Barbara Riefe’s Tempt Not This Flesh was yet another inexplicable bestseller for the gender-bending author whose real name was Alan Riefe. 2 stars
Bodice Ripper is a category designation under Historical Romance. The books usually have tropes of forced seduction, plots where the hero rapes the heroine or uses force, multiple partners, and long separations. They were published in the 1970s to 1990s and are no longer in vogue.
Gordon Merrick created the legendary Peter & Charlie gay romance series. The trilogy portrayed the first mainstream love story between two men that concluded happily ever after. Another milestone in gay fiction occurred when they were reprinted in the 1980s. A young artist named Victor Gadino illustrated the iconic clinch covers. Never before had two men been pictured so intimately on romance novels.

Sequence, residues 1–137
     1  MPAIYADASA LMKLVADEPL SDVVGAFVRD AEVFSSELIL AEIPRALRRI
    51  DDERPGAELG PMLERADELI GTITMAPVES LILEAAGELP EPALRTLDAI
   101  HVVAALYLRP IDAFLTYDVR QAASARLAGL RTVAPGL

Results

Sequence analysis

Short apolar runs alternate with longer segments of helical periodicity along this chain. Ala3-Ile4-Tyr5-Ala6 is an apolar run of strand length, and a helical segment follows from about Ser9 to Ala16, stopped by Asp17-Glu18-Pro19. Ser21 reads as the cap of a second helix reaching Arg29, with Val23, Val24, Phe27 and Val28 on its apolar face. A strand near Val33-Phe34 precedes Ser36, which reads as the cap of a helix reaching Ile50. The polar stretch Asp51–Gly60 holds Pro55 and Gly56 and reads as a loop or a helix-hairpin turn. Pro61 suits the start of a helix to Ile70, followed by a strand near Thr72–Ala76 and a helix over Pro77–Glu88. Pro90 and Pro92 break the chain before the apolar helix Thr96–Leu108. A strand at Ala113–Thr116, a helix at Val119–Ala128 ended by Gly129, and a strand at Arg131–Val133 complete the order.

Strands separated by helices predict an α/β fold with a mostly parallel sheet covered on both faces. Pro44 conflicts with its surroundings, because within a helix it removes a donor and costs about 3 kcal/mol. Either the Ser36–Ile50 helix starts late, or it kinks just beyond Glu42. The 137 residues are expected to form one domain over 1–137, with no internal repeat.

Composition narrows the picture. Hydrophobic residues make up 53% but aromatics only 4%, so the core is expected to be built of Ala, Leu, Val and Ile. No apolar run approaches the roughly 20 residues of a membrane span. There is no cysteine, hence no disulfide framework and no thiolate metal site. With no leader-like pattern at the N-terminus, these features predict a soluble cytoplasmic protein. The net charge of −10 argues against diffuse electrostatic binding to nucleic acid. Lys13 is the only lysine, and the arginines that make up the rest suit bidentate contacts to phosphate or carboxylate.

The Sheik by Edith M. Hull, published in 1919, is as influential to the modern romance genre as Austen’s Pride and Prejudice. Perhaps, even more so.
It was a blockbuster of a success, despite its many detractors. While some modern readers may cringe at its depiction of women, sexual roles, and racial attitudes, The Sheik remains a compelling read one hundred years after its publication. 5 stars
Raven by Shana Carol (aka Christina Savage, aka Mr. Kerry Newcomb & Mr. Frank Schaeffer) is a riveting bodice-ripper. It’s a pirate adventure that features a kickass, resilient heroine whom I adore. It also stars a hero who isn’t worthy to lick the underside of her shoes. This is one of those books I both hate and love and wavered for a long time what rating to give it. 3.49 stars
Where to begin with this review? Sweet Savage Love by the great Rosemary Rogers is–along with The Flame and the Flower–the blockbuster historical that launched a new genre: the modern romance novel. Published in 1974, this doorstopper epic was a monumental game-changer in an era of social transformation. 4.24 stars